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Declining manufacturing employment in the New York-New Jersey region: 1969-99

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Abstract

Between 1969 and 1999, the New York-New Jersey region experienced a steeper drop in manufacturing employment than any other area of the United States. Much of the unusually sharp job decline can be attributed to the geographic dispersion of manufacturing_that is, the gradual movement of manufacturing activity from the more urbanized and industry-intensive states of the Northeast to the less industrially developed states of the South and West.

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  • Michael Anderson & Jason Bram, 2001. "Declining manufacturing employment in the New York-New Jersey region: 1969-99," Current Issues in Economics and Finance, Federal Reserve Bank of New York, vol. 7(Jan).
  • Handle: RePEc:fip:fednci:y:2001:i:jan:n:v.7no.1
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    References listed on IDEAS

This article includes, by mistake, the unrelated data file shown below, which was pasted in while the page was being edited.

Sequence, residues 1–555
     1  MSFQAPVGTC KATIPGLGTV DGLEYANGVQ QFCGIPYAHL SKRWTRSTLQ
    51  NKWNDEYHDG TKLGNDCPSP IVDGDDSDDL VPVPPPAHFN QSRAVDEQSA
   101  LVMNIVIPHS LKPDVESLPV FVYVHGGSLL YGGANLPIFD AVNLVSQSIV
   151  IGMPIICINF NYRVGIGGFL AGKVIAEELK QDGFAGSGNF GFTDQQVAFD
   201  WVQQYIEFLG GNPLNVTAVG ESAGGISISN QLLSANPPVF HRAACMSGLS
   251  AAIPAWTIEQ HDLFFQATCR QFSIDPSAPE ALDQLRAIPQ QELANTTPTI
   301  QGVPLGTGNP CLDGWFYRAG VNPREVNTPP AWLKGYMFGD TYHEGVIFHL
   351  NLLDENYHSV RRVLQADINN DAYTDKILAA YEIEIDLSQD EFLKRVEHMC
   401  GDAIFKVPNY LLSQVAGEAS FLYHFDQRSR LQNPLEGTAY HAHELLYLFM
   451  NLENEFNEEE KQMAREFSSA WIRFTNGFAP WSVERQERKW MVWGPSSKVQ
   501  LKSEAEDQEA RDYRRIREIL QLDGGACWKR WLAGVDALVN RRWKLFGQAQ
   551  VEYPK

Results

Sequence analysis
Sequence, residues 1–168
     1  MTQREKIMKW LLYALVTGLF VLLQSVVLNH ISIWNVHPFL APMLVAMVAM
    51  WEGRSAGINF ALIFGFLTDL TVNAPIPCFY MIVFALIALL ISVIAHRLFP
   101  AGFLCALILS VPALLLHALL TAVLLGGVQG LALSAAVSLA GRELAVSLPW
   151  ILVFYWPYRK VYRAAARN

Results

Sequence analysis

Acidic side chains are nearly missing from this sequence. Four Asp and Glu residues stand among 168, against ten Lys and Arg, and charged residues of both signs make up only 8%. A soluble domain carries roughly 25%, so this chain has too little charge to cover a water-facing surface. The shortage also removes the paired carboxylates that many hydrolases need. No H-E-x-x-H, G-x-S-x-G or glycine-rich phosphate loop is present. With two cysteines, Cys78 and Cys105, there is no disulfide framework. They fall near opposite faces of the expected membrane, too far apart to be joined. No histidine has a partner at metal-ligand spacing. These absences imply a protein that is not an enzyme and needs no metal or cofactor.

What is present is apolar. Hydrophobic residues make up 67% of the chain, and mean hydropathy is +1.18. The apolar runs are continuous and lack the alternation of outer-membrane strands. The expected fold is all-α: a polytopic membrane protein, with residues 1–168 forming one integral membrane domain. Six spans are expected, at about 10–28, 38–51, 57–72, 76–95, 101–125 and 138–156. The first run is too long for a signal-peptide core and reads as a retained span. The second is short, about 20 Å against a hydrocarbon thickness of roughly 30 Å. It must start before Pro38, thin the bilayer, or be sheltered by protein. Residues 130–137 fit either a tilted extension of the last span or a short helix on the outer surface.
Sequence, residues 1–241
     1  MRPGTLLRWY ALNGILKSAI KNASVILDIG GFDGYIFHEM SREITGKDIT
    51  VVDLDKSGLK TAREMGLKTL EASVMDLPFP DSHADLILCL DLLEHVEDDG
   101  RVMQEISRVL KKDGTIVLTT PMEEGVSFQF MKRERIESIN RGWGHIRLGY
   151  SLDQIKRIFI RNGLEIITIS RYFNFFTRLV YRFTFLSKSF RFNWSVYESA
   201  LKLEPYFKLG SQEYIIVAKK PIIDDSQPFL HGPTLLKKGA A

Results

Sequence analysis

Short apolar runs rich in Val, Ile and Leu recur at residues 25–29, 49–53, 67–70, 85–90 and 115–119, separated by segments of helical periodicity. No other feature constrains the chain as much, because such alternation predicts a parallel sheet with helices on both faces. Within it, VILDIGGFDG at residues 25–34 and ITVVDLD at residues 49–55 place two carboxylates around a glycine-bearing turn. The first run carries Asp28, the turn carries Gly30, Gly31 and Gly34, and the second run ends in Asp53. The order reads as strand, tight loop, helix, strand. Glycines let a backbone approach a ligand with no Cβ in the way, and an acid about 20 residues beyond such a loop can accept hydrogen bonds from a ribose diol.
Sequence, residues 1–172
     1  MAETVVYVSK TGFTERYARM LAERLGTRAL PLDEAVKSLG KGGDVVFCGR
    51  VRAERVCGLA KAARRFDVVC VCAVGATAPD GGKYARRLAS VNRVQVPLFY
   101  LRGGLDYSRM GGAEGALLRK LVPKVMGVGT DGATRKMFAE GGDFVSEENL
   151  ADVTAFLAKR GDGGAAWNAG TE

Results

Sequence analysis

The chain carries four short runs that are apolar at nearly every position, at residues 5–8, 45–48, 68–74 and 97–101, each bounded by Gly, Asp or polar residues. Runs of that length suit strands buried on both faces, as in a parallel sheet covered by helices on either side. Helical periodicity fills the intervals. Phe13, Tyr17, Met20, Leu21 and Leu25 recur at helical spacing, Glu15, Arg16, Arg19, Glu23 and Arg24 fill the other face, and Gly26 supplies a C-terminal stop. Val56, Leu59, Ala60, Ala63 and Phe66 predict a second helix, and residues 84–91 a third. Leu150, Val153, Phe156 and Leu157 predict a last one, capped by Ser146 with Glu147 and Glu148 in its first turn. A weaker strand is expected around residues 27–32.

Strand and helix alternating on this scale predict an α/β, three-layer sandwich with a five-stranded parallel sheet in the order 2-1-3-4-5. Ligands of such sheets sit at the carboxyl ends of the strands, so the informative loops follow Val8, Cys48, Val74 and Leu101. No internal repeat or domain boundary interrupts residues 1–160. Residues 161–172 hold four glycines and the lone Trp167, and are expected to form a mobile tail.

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      • Edward L. Glaeser & Hedi D. Kallal & Jose A. Scheinkman & Andrei Shleifer, 1991. "Growth in Cities," NBER Working Papers 3787, National Bureau of Economic Research, Inc.
      • Glaeser, Edward Ludwig & Kallal, Hedi D. & Scheinkman, Jose A. & Shleifer, Andrei, 1992. "Growth in Cities," Scholarly Articles 3451309, Harvard University Department of Economics.
    5. Clark, Todd E, 1998. "Employment Fluctuations in U.S. Regions and Industries: The Roles of National, Region-Specific, and Industry-Specific Shocks," Journal of Labor Economics, University of Chicago Press, vol. 16(1), pages 202-229, January.
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    Cited by:

    1. Richard Deitz & Andrew F. Haughwout & Charles Steindel, 2010. "The recession's impact on the state budgets of New York and New Jersey," Current Issues in Economics and Finance, Federal Reserve Bank of New York, vol. 16(Jun/Jul).

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